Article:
AMES – Waterloo native Michelle Bachmann fired a resounding opening volley in the race for the Republican Party’s 2012 presidential nomination Saturday by besting her competitors in the much-watched Iowa GOP straw poll.
“You’ve done it, Iowa,” a beaming Bachmann told her cheering supporters outside Hilton Coliseum – the site of the $30-per-vote fundraiser. “Now it’s on to all 50 states.”
Bachmann thanked her supporters, saying “we did this together” and called Saturday’s victory “the very first step in taking the White House in 2012. “We just sent a message that Barack Obama will be a one-term president.”
The three-term Minnesota congresswoman finished first with 4,823 votes of the 16,892 Iowa Republicans that cast ballots – a turnout that Iowa GOP Chairman Matt Strawn said “blew the doors off what we did four years ago” and was evidence of a resurging party.
Bachmann’s tally was 152 ahead of Texas Rep. Ron Paul, who finished second in the first measurable test of early support in the state that will launch the nominating process with its precinct caucuses next year.
Former Minnesota Gov. Tim Pawlenty was a distance third and former Pennsylania Sen. Rick Santorum was a better-than-expected fourth.
Drake University political science professor Dennis Goldford said Bachmann’s victory demonstrated the strength of star power and passion over organization, noting she overcame campaign efforts by Paul and Pawlenty that got started much earlier than hers. However, the impressive showing also spoke to her campaign’s support and ability to deliver boots on the ground.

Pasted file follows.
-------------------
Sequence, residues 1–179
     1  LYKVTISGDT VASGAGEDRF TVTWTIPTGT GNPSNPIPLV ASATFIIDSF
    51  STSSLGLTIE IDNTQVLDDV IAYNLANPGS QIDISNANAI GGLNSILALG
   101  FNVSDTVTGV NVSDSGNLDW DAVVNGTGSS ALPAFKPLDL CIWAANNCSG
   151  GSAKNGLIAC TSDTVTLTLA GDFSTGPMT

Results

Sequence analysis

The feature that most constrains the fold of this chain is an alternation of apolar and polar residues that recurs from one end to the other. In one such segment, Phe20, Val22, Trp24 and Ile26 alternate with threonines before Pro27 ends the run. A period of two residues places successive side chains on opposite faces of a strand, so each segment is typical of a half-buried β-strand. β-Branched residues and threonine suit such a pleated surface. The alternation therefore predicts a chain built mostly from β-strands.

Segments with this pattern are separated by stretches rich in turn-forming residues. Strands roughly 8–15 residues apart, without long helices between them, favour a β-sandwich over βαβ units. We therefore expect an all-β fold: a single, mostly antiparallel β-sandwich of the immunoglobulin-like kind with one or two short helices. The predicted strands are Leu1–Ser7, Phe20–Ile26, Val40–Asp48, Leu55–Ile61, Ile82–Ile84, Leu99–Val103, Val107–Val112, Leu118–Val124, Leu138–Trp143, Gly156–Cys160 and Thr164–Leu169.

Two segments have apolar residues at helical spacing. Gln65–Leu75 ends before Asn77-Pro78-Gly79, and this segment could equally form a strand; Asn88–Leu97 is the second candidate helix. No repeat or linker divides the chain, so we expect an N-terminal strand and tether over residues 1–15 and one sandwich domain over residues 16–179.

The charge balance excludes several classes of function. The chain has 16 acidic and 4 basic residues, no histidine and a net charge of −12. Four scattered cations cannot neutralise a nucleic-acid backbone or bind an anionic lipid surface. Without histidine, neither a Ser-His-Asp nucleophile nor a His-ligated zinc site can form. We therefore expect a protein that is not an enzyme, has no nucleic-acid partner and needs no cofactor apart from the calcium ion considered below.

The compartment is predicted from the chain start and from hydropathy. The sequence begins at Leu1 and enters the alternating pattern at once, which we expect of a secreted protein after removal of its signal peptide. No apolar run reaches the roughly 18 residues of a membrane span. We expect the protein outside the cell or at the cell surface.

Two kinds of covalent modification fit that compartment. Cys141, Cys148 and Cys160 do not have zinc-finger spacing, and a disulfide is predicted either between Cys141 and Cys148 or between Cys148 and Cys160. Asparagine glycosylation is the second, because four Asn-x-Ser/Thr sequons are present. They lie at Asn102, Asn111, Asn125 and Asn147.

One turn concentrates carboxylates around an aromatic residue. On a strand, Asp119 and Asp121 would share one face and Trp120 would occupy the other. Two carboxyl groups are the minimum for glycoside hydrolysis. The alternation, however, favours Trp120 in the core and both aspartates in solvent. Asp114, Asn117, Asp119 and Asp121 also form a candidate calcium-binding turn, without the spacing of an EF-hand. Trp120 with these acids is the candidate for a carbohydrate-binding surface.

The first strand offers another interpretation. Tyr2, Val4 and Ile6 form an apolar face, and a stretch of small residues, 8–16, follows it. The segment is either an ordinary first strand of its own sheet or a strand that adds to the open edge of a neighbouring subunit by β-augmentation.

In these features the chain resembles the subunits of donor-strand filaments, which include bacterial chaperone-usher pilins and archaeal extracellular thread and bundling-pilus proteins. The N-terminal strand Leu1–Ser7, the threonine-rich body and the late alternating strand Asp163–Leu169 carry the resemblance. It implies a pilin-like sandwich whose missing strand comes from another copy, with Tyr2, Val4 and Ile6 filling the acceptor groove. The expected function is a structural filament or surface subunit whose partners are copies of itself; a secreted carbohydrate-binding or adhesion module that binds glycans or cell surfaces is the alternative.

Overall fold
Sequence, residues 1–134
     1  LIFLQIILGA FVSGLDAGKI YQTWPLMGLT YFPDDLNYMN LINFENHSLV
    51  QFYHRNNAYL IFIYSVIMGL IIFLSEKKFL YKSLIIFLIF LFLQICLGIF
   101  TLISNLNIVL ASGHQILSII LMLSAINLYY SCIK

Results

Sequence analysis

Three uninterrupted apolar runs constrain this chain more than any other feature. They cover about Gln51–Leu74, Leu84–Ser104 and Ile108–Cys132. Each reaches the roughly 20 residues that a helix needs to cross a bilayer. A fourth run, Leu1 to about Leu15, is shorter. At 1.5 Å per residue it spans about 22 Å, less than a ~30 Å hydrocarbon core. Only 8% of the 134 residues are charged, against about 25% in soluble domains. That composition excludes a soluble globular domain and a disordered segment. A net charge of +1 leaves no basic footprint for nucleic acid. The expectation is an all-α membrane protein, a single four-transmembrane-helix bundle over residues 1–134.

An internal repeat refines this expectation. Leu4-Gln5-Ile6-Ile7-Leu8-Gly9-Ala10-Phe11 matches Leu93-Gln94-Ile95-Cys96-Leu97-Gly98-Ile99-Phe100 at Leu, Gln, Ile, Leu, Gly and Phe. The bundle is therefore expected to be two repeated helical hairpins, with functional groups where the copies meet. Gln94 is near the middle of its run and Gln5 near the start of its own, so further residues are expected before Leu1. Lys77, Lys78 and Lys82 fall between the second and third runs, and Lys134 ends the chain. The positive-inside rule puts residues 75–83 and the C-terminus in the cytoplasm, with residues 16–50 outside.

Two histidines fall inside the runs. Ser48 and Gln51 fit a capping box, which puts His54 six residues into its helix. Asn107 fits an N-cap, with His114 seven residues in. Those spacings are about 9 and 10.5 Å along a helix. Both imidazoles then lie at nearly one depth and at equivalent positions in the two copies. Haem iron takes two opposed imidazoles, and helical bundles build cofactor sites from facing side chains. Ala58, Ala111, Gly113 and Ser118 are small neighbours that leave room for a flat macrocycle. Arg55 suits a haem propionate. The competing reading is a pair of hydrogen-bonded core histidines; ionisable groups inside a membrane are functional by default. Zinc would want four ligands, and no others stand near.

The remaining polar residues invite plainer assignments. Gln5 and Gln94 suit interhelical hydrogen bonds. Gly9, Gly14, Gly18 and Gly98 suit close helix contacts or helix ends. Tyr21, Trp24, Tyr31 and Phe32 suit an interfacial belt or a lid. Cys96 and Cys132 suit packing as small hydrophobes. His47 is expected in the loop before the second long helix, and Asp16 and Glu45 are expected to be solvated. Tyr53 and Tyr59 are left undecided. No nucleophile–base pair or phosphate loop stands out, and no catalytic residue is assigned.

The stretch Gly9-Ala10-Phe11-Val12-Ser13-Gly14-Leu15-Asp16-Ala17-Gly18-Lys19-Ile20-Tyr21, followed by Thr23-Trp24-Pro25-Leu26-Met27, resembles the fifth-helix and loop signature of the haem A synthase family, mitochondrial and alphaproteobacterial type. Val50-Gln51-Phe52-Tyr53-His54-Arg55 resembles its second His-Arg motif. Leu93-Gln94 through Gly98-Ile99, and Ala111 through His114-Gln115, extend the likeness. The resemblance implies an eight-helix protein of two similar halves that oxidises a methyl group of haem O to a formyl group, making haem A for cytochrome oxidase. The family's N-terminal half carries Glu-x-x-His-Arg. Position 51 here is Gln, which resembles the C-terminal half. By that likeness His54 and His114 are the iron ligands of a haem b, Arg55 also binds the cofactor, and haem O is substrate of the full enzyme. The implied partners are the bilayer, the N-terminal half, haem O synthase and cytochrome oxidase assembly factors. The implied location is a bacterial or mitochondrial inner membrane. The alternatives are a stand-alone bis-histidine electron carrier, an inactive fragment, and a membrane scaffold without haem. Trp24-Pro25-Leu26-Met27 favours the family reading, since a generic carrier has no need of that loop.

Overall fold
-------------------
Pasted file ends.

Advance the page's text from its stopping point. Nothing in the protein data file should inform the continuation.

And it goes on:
“Michele Bachmann had a very good victory,” he said. “Her bubble was not deflated by this event. So she lives to fight on.
The looming presence for her is Rick Perry because he appeals to exactly the same constituency.”
Bachmann’s victory gives her some early momentum in a still-unfolding GOP presidential race that officially welcomed Perry into the race on Saturday. Even though he has not campaigned in Iowa, his supporters mustered a write-in effort that drew him 718 votes – a sixth-place finish behind Georgia businessman Herman Cain in fifth.
The Texas governor announced his bid in South Carolina and travels to Bachmann’s hometown of Waterloo on Sunday to make his Iowa debut as a 2012 contender. Bachmann also plans to attend the same Black Hawk County GOP event on Sunday.
Romney, who is considered the national fundraiser, did not compete in this year’s straw poll after winning the event in 2007, but still polled 567 votes for seventh place. He plans to campaign in Iowa, but he and Huntsman are devoting most of their attention to New Hampshire — home of the nation’s first 2012 primary eight days after the Iowa caucuses.
Paul spokesman Jesse Benton was elated with Paul’s second-place finish, noting the Texas congressman topped Romney’s 2007 vote total and finished about 1 percent behind Bachmann with the fourth highest vote total ever received in the event.
“Today, Ron Paul has emerged as a top-tier candidate and is a serious contender to win the Republican nomination and the presidency,” Benton said. “Dr. Paul is surging in this race, and today’s results show the strength of his grassroots support and top notch organization.”